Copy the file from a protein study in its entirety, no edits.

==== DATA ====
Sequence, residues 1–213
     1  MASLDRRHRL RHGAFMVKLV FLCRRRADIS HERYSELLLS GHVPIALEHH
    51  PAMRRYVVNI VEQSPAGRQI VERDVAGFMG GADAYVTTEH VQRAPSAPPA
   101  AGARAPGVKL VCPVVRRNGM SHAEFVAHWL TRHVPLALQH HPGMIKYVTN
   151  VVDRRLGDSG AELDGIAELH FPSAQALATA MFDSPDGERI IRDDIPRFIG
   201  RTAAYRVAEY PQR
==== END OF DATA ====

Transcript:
Sequence, residues 1–213
     1  MASLDRRHRL RHGAFMVKLV FLCRRRADIS HERYSELLLS GHVPIALEHH
    51  PAMRRYVVNI VEQSPAGRQI VERDVAGFMG GADAYVTTEH VQRAPSAPPA
   101  AGARAPGVKL VCPVVRRNGM SHAEFVAHWL TRHVPLALQH HPGMIKYVTN
   151  VVDRRLGDSG AELDGIAELH FPSAQALATA MFDSPDGERI IRDDIPRFIG
   201  RTAAYRVAEY PQR